Subsidiary events like the Gulf of Mexico disaster and others further spread the death and ecologic effects of these fossil fuel sources. The political issues over Middle East oil and Russian natural gas will undoubtedly cause the deaths of thousands more in years to come. The money that has poured into Arab states over the last century has assured the continued oppression and execution of women and minority groups. These are not risks, but certainties.

    The US has a number of its nuclear plants coming to the end of their working lives in the next few years. Unless they're replaced the US needs to miraculously conjure up a new source for 20% of its energy requirements. (Like the New Orleans levees, crumbling bridges around the country and other important but dated infrastructure, all need attention "yesterday". It seems no one wants to pay taxes to support this.)

    If there's a better measure of risk or safety than deaths/TwH then people need to spring forward. But right now fission is the best energy option the world has until renewables and/or fusion-based options are available and in sufficient supply to even match 2011 demand.

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  16. Oh Callie, you are very lovely!

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  17. What a great post as it has certainly generated a lot of debate and interest amongst your readers.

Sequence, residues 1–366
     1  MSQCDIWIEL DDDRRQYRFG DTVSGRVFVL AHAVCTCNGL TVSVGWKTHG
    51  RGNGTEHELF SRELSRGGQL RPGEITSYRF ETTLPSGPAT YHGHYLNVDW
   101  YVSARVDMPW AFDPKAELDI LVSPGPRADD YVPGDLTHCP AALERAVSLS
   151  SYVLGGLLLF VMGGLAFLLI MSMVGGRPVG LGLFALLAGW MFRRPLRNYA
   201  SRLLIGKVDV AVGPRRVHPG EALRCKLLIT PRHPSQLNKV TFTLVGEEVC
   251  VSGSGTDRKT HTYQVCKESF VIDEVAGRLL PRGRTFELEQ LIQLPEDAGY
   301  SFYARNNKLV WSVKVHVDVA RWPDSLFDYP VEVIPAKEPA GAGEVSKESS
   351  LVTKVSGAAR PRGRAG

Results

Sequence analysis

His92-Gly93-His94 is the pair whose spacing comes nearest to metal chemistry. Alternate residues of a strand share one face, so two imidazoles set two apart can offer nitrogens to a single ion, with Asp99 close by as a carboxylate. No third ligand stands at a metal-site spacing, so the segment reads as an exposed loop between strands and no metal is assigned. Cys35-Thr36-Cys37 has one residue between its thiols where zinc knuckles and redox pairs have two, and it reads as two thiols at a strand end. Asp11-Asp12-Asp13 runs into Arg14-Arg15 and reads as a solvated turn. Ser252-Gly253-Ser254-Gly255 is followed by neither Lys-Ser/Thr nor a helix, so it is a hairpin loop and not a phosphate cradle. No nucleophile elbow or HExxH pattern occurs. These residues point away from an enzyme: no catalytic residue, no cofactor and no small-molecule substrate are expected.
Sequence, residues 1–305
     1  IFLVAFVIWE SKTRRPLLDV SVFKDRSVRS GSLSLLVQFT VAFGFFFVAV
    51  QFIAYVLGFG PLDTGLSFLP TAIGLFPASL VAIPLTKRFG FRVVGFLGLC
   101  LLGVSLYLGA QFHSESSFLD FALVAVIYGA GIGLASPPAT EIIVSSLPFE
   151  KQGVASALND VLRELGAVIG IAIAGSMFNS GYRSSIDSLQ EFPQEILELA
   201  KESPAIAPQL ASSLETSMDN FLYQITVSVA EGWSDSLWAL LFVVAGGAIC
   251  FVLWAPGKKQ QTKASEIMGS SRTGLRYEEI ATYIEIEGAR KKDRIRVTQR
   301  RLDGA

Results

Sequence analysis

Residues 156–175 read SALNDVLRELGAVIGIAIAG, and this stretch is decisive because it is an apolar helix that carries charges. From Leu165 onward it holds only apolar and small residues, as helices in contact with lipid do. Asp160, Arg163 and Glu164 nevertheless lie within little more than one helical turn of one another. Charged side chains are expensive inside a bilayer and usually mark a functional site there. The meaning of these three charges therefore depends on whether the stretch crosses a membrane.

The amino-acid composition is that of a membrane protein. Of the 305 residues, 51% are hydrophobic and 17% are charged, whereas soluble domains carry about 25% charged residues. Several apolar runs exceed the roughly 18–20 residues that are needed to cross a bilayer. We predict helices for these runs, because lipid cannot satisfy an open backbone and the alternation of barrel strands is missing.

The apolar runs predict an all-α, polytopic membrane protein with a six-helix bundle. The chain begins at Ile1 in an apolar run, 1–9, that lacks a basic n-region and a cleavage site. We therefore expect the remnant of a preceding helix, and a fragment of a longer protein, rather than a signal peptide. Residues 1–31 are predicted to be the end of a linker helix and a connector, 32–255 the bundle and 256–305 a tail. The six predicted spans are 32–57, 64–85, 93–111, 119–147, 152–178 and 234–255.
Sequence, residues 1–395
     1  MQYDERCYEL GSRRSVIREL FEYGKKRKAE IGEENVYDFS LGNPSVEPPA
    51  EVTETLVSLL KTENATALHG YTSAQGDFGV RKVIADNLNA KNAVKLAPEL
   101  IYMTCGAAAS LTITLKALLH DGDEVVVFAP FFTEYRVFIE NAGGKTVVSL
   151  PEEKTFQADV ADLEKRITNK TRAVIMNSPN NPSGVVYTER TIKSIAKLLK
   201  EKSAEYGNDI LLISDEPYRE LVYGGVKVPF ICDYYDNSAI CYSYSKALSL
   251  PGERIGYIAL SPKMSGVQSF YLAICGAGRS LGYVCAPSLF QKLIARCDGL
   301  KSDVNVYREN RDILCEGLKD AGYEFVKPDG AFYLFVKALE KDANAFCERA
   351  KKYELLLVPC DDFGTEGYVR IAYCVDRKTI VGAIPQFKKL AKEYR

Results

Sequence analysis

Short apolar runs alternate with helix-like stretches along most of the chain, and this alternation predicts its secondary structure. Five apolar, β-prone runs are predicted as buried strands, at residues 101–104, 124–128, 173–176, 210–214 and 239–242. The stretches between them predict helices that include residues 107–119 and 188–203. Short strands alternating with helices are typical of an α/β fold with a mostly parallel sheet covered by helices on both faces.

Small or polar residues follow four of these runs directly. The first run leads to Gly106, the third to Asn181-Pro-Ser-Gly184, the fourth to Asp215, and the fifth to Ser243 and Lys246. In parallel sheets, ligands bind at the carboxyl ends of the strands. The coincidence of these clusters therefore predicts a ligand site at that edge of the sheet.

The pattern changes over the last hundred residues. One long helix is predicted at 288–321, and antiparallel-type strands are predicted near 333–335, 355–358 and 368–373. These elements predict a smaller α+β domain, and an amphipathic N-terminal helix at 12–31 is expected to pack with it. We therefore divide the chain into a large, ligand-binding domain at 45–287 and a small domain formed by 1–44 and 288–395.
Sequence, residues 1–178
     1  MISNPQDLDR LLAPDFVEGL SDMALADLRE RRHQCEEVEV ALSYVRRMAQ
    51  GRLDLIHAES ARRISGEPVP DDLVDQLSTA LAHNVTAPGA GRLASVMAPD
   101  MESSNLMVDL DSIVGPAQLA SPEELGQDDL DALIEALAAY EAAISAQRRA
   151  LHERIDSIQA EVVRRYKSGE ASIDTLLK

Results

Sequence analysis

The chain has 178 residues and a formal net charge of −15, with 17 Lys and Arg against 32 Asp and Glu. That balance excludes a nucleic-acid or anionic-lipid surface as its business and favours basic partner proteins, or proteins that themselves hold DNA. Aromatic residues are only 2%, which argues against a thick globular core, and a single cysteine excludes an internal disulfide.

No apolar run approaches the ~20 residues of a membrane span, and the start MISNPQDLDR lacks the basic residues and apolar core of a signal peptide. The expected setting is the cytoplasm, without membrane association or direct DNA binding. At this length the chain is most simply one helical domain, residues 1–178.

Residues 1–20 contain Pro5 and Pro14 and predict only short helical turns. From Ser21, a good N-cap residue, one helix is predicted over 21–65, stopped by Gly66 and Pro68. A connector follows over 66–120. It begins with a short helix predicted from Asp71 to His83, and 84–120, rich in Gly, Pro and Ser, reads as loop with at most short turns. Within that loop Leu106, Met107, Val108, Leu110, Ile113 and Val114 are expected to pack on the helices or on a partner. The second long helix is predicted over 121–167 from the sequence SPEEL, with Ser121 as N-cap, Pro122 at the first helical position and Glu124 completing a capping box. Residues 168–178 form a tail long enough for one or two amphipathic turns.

I agree that nuclear energy is here to stay, and that rather than a debate about nuclear or not, the debate should be focussed on what can be done in the future to maintain the safety of the reactors and the radioactive waste.

    In the developed world we are all used to relatively cheap energy, and energy on demand.

    Renewables could possibly supply a slightly larger proportion of our needs, but will never fulfill our ever increasing demands. Also the development costs will, I am certain, be more than most people are prepared to pay.

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  18. Well, this post certainly generated some comments. And most of them have already stated what I was was going to state.

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  19. Callie looks so wise in your recent photo,she's just gorgeous!

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  20. Callie looks so aloof in this photo! Do you think the grooming and new look have gone to her head? :))

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  21. It's funny how some dogs don't like getting their picture taken. Wonder why? One of our dogs hates it and other other two don't mind.

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  22. lovely pooch

    no earthquakes in france, I hope?

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  23. Wow! What an amazing discussion. A couple of things:

    There ARE earthquakes in France. There was a magnitude 3.2 quake just 6km south of Valençay on Monday (very close to us), and another of the same magnitude not far from Le Mans on Tuesday. They happen all the time, but are normally too small to be felt. The Mediterranean basin is much more active seismically as there are plate boundaries running through it. I got this info here.

    I also agree that nuclear power is not going away any time soon. Even if the political will exists to phase it out, it would likely take decades to do it to allow new or different technologies to take up the slack. Simply turning off the power would cause havoc.

    I agree that, in general, nuclear power generation is safe. But there are serious issues about radioactivity, waste disposal, and safety. Accidents happen, natural events occur, and malfeasance is not out of the question. There are certainly many plants around the world that should be shut down sooner rather than later. But certainly not all.

    Thanks to everybody for your thoughtful comments.

    And Callie enjoyed them, too!